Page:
Beartooth pass is technically a good road: meaning there are technically difficult switchbacks, great sweeping turns, and tons of elevation changes. What really makes this the best road in the US are the views: majestic Rocky Mountain views around every corner. One second you’re focusing on leaning the bike and looking as far through the corner as you can to avoid a stray elk or errant cager, the next moment you’re confronted with a godlike vision of the landscape … and then you need to focus on negotiating that next turn. What good are guardrails if your bike stops and you keep going over the handlebars just in time for a 7,000 ft hill roll?
This repeating rote of joy –> life-or-death moment –> beauty –> life-or-death moment –> gratitude –> life-or-death moment is why we love motorcycling. What better way to appreciate the value of every heartbeat and every conscious thought of life than to risk it in a dangerous yet controlled experiment? What better assertion of your skill and confidence than to challenge the mountain to kill you and walk away with your life the victor?
In “The Life of David Gale”, Kevin Spacey’s character tells us we’re never happier than when we’re thinking about future happiness, and the Art of Manliness tells us that Anticipation is a powerful source of dopamine, but after months of anticipation I feel like I was perfectly happy in each moment climbing Beartooth Pass, and then I was happy in each moment descending since I got to experience the same level of scenery but also be warming up foot by foot.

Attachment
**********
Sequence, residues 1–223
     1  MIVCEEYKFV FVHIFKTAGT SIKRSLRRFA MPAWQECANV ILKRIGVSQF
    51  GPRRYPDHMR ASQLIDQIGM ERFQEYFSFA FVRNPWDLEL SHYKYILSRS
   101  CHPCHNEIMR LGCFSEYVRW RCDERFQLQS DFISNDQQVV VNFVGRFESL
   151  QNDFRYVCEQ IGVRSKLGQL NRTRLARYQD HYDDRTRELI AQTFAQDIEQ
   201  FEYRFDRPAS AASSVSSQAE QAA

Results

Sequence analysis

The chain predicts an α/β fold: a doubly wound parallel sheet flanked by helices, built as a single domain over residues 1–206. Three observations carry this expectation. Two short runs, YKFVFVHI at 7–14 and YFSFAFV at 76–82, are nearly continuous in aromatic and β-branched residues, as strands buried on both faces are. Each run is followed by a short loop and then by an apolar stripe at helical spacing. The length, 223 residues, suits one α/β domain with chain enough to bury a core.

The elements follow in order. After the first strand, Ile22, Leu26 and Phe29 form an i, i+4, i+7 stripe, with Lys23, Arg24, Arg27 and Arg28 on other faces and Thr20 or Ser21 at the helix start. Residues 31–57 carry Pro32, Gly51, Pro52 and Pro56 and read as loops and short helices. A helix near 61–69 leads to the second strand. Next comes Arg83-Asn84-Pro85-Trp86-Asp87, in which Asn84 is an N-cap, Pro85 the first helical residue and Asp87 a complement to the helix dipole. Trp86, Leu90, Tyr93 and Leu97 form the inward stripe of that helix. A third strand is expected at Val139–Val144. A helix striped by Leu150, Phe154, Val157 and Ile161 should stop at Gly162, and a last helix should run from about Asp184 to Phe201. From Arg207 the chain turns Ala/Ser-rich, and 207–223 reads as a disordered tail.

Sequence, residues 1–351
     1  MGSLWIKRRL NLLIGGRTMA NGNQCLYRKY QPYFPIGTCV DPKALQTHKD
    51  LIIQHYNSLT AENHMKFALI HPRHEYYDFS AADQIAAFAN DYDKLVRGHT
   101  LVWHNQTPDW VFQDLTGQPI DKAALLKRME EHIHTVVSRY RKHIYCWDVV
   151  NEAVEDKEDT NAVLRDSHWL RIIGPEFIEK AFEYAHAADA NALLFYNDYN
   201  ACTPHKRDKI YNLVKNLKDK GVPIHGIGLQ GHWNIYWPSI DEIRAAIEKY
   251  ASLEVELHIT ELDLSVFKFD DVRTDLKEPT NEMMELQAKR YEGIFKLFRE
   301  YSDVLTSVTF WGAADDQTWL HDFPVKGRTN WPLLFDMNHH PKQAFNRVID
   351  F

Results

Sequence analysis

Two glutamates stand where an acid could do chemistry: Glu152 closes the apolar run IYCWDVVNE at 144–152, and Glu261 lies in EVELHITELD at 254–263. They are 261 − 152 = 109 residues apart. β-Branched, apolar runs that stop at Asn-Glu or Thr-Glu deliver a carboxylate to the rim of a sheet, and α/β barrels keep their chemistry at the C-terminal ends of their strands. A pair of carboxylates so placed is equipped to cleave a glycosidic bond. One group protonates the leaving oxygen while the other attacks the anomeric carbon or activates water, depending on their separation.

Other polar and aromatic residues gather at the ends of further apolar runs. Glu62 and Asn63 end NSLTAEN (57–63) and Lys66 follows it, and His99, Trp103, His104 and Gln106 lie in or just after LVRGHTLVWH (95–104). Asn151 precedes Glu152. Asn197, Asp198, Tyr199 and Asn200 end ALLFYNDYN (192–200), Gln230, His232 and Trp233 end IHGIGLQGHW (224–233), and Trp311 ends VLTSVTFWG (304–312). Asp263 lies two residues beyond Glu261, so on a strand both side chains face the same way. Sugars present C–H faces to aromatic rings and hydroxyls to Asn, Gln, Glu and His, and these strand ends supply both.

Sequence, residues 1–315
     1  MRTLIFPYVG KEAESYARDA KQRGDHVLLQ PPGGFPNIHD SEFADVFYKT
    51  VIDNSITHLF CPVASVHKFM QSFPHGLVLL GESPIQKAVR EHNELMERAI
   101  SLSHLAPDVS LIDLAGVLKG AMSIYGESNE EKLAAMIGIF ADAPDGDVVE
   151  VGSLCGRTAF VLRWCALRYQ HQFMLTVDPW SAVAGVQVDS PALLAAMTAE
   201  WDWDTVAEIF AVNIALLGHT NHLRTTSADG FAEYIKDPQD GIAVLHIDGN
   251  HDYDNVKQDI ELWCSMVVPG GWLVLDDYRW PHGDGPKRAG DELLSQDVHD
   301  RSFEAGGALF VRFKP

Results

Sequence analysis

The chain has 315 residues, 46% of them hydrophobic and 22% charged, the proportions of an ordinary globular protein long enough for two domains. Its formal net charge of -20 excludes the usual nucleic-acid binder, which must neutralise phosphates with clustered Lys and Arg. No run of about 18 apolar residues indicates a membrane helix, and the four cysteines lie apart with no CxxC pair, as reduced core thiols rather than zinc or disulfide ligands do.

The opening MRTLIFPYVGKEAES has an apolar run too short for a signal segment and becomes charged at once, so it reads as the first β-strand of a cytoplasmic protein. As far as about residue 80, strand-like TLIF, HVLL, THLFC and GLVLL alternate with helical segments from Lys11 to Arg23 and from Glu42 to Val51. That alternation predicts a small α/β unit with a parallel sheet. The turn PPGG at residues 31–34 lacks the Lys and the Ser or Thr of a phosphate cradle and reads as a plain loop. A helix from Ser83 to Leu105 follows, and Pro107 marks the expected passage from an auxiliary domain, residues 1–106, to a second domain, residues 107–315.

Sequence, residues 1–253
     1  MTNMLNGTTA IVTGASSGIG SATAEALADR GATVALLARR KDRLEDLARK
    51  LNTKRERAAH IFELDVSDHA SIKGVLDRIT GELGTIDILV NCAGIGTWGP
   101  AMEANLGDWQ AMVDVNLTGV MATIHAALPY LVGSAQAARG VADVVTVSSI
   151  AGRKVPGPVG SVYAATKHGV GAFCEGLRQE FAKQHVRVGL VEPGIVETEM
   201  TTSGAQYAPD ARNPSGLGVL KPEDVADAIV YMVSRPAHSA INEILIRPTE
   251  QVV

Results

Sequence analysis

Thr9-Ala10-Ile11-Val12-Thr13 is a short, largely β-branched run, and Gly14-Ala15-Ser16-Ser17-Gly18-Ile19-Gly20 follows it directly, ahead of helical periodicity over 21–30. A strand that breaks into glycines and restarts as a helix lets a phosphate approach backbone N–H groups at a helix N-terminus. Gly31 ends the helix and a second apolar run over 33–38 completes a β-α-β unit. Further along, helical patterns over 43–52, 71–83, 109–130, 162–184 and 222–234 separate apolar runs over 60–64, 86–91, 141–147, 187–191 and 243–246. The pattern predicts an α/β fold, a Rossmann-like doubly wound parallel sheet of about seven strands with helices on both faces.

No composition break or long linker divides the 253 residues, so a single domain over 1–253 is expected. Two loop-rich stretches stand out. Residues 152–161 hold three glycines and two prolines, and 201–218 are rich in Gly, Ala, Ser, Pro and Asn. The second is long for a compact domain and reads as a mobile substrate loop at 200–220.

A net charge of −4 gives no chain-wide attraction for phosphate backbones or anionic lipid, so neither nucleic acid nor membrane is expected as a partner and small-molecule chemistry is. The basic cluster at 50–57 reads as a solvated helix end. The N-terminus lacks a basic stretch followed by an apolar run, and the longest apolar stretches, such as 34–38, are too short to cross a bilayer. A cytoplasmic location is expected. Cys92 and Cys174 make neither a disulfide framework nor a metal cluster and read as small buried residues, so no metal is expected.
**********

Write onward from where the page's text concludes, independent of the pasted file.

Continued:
The top is around 10,900 ft in elevation which was enough for me to have a little trouble breathing. I’ve been as high as Pike’s Peak (14k ft) and this isn’t that bad, but you notice.
As we went through Yellowstone, I was thrilled to see tons of buffalo, one of them 5ft away on the side of the road. Wingnut Dave got yet another earful of my incredible vocabulary through the intercom: “Holy fuck, fuck fuck fuck, a buffalo, right fucking there!”
Yellowstone might be the hardest part of the trip for me to describe. I have been here before, but it’s been a good 30 years. I felt a lot of gratitude rolling through Yellowstone, this time for my parents. My folks took us kids on a ton of epic road trips when we were younger, and I’m sure that’s a part of my wanderlust and my appreciation for these landscapes today. Yellowstone is just … so big. It’s not just mountains, it’s tremendous plains, far away are tremendous mountains. There are rivers, waterfalls, sulphur springs. The air is so clean you can see forever, it’s impossible to know if you could reach the mountains across the plains in a day, or two weeks.
Maybe you can get a little taste of Beartooth Highway and Yellowstone with these videos: